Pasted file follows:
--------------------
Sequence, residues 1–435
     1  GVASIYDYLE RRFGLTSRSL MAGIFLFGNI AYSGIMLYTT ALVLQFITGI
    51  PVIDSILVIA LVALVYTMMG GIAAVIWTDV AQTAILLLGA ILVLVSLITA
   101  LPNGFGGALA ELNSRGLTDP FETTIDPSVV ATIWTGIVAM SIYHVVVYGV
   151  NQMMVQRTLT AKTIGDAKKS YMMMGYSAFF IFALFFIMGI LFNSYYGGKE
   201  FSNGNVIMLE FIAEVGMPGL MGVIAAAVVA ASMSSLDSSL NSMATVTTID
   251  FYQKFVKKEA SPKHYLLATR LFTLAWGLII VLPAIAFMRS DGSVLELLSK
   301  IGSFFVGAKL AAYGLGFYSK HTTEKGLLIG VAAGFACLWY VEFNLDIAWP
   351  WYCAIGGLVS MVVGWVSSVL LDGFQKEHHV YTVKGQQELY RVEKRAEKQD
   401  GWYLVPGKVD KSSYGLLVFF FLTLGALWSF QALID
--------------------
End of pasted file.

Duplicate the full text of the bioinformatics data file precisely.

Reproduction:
Sequence, residues 1–435
     1  GVASIYDYLE RRFGLTSRSL MAGIFLFGNI AYSGIMLYTT ALVLQFITGI
    51  PVIDSILVIA LVALVYTMMG GIAAVIWTDV AQTAILLLGA ILVLVSLITA
   101  LPNGFGGALA ELNSRGLTDP FETTIDPSVV ATIWTGIVAM SIYHVVVYGV
   151  NQMMVQRTLT AKTIGDAKKS YMMMGYSAFF IFALFFIMGI LFNSYYGGKE
   201  FSNGNVIMLE FIAEVGMPGL MGVIAAAVVA ASMSSLDSSL NSMATVTTID
   251  FYQKFVKKEA SPKHYLLATR LFTLAWGLII VLPAIAFMRS DGSVLELLSK
   301  IGSFFVGAKL AAYGLGFYSK HTTEKGLLIG VAAGFACLWY VEFNLDIAWP
   351  WYCAIGGLVS MVVGWVSSVL LDGFQKEHHV YTVKGQQELY RVEKRAEKQD
   401  GWYLVPGKVD KSSYGLLVFF FLTLGALWSF QALID